My mom used to say, “People in New York always talk about real estate and schools.” This year was the year of the latter for me. I talked to everyone I could. On the street, a friend introduces me to an Manhattan School for Children parent: “They are really trying to reduce the amount of homework they were giving, because studies show homework doesn’t really help elementary school kids.” Hey, I said to my friend, who still has a few years before this applies to her, P.S. 145 also doesn’t emphasize homework for that very reason! She shakes her head. “So it’s all art and no work?”

At kiddush (the post synagogue social-hour), I overhear a parent talking about P.S. 145 positively. I am thrilled. As we talk, though, it turns out she is only considering the pre-K. “I would never send her there for elementary school.”

While out sledding, my daughter befriends a Upper West Success Academy student. Her dad tells me that he’s concerned about the amount of homework at the charter school, but they didn’t want to send her to a school with no homework, and while there were some OK public schools in Harlem, where they lived, he didn’t want his daughter to be the only white kid. “Why not?” I ask. I really want to know — after all, that might well be the situation for my daughter — and when choosing a school, I thought all questions were on the table. All of a sudden though, it got cold and everyone decided to go their separate ways without addressing the question. I had killed the conversation.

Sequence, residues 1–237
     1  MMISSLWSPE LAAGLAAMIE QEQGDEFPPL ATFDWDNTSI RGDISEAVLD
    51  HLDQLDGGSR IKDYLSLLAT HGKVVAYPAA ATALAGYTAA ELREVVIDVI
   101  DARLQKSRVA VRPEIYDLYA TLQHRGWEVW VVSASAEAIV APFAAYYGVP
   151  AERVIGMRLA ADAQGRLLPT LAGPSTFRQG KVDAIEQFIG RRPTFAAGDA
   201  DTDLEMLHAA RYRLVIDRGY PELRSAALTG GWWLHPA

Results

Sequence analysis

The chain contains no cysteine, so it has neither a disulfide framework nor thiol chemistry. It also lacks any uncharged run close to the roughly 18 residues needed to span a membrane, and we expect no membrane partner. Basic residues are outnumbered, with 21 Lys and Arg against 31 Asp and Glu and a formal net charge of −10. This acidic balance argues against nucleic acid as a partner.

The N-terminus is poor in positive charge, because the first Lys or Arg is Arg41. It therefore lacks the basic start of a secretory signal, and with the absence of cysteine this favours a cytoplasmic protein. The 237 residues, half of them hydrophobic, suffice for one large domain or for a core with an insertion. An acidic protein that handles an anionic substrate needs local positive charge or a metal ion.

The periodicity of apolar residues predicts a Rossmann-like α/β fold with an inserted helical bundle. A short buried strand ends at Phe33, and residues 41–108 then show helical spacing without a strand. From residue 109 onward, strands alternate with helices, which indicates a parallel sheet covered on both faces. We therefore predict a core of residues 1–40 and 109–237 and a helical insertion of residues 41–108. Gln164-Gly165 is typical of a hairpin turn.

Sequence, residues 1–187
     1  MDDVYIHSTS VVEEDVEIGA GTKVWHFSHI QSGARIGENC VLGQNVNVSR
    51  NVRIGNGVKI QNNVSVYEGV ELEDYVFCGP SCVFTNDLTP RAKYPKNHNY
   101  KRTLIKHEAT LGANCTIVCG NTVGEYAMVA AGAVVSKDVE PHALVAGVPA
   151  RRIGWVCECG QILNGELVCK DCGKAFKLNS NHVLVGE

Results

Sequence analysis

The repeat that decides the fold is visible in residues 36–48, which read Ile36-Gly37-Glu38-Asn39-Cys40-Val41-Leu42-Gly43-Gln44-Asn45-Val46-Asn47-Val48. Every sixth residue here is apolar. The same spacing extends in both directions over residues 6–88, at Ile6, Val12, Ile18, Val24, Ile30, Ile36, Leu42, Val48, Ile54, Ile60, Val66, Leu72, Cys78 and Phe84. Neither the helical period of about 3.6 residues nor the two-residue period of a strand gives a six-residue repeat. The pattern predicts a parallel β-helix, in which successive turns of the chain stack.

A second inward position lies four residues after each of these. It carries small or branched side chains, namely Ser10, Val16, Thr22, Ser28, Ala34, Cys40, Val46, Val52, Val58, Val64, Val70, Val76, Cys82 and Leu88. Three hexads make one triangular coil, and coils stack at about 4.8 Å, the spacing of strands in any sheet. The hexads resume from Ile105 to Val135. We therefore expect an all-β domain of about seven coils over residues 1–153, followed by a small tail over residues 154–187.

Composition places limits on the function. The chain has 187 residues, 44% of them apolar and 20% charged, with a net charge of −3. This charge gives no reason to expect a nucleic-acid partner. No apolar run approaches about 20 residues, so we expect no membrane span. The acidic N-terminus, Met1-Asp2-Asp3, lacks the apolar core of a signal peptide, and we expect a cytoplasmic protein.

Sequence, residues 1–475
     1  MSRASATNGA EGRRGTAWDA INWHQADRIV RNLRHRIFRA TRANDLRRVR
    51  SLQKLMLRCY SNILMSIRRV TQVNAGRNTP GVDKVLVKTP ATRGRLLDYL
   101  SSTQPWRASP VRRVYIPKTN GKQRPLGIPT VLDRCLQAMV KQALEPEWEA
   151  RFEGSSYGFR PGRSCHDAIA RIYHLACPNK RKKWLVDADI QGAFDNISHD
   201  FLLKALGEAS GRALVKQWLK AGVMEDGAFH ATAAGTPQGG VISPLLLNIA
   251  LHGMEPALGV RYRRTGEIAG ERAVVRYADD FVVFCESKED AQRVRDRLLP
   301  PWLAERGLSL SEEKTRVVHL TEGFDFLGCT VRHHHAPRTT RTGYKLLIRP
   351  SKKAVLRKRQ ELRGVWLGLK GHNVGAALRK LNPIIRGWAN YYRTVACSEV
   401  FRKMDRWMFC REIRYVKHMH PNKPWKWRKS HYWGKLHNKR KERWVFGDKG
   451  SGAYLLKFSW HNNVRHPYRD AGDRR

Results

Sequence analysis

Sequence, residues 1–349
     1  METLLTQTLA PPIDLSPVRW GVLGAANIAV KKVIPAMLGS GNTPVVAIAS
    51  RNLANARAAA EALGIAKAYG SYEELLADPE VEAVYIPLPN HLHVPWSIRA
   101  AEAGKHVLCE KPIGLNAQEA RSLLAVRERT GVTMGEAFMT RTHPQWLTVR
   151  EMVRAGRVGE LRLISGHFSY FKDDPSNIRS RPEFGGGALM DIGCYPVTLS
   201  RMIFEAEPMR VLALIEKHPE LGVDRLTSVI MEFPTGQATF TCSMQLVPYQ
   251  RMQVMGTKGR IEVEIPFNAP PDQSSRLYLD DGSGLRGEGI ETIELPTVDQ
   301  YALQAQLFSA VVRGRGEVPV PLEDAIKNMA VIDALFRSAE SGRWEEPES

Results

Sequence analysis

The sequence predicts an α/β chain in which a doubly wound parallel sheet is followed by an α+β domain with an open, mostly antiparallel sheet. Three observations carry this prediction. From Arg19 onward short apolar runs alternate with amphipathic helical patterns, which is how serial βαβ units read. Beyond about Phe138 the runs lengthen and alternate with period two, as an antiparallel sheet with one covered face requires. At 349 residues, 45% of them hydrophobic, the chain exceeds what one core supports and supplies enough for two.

After more and more school visits, my husband and I narrowed down our options to P.S. 145 and Beit Rabban, a progressive, private Jewish school that we also fell in love with. Of course, as a Jewish school, Beit Rabban had limited diversity, but it offered an outstanding Jewish and general education. We knew everyone there. And yet.

A rabbinic colleague of mine suggested sending my daughter to public school — there was no loss for us if it didn’t work for our family and we switched to Beit Rabban further along, which was what happened (at a different Jewish school) for her family. She had also felt strongly about public education, but it wasn’t right for her son. That sounded sensible enough, but before committing, I wanted to meet P.S. 145’s principal, Dr. Russo, who hadn’t been on the tour.

My husband and I arrived and sat at a large table in her office. I noted a sign reading, “I’m silently judging your grammar.” Snarky meme though it may have been, it spoke to me.  I mentioned that I liked it to break the ice. “Me too,” she said. “Most people don’t, though.”